Tea and a show
There are some unique things about this part of the world and how they do things. For example, I needed some rope to mark off some pits, etc on an existing location. Off I went to the Sanayii ( industrial area) of Kesan. I went to a general hardware store I’ve been to several times with lots of assorted goods, including 3 or 4 sizes of rope. That store is a story in itself. It is completely lined with shelves from floor to ceiling all filled to overflowing with stuff. The otherwise clear floor space has aisle type shelving 4’ high likewise filled to overflowing with stock. Hand tools, power tools, drills, calipers, welding equipment fasteners, cable, and all manner of other hardware items. All a little warren of aisles and stock. There is only one aisle in the store wide enough for two people to pass comfortably- right in front of the main counter. All others in the store are single lane only. A couple you have to back out of if you walk into. At some point, they decided their premises were too crowded and they rented a store front two doors down and proceeded to fill it with other goods like hoses, pumps, pipe fittings (all low pressure and either plastic or galvanized). The second store has no cash, and is often unmanned. It is monitored by CCTV cameras located high up on the walls and displayed in the main store.
Because I’ve been there before, the clerk that speaks some English bustled out from behind a shelf and did his level best to help me. With the English he knows and the few words of Turkish I’ve picked up we usually determine what I need, whether or not they have it, and what it might cost. I selected a braided rope of about 8 mm (3.8”) dia. With my admittedly limited Turkish, I managed to ask how much it cost. The reply set me back somewhat. “25 Lira per kilo”. Per Kilo?!?? Really??!? Yes, really. Well how many meters per kilo? I don’t know. I will ask my boss. He says approximately 30 – 35 meters per kilo. Well, I need 200 m. Out came the calculator and an estimate was punched up. After the estimate calculated and agreed to, the show started. The manager of the store called for assistants and had them tote the spool of rope outside onto the sidewalk. Meanwhile, the assistant with the smattering of English brought me Chai to drink while my order was filled.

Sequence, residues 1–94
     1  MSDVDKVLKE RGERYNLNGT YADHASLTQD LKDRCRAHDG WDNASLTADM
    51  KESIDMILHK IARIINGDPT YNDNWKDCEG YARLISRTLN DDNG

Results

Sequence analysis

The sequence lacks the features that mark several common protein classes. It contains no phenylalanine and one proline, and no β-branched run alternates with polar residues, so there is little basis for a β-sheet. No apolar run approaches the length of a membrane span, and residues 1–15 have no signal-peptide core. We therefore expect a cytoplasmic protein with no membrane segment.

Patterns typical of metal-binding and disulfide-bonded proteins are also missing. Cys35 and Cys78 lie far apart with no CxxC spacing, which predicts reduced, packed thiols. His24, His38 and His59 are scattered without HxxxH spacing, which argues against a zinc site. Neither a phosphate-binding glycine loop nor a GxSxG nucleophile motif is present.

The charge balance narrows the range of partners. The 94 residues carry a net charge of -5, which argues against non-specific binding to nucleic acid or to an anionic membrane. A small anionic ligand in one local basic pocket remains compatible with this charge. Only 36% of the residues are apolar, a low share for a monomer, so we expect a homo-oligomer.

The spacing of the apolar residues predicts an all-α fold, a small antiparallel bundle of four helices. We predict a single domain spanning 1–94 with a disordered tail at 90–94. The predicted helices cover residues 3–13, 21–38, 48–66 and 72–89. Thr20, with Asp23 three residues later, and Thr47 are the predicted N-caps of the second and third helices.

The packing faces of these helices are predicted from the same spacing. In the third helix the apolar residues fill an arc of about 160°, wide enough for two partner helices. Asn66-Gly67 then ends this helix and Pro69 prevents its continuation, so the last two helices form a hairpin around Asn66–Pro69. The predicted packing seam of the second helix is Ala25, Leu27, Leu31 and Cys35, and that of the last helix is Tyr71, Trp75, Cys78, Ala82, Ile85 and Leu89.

The little crew commenced to take a short tape measure (5 m if I recall), and mark off 50 m on the sidewalk. They laid two loops between the two lines off the spool to make 200 m. After cutting 200 m off the spool, they carefully coiled up the rope in a large, loose coil and tied it off with twine. Then they brought the rope into the store, cleared off the old style balance scale and then the argument broke out about where the weights for the scale were. All Turks speak loudly and rapidly. If two Canadians spoke to each other like these guys do, I’d be changing into my striped shirt and reaching for a whistle.... Finally, the weights were located, the rope coil weighed, and a lengthy explanation given of how to put it down with the knots in the twine securing the coil on top and uncoil it in this direction just so to keep from tangling it. I finished my Chai, paid up, and opened the hatch of the car so one of the assistants could load the coil and the other small items I’d bought, and fled.
For those who don't know, this is what 1 1/2 kilo of rope looks like...
Surprisingly, barbed wire is sold by the Kilo too. Not in the 80 rod roll like at home. Asking how many meters is likely to net you a blank stare. The shop keepers in the two shops I asked didn’t know, even roughly, how many meters were in a 20 kilo roll of wire.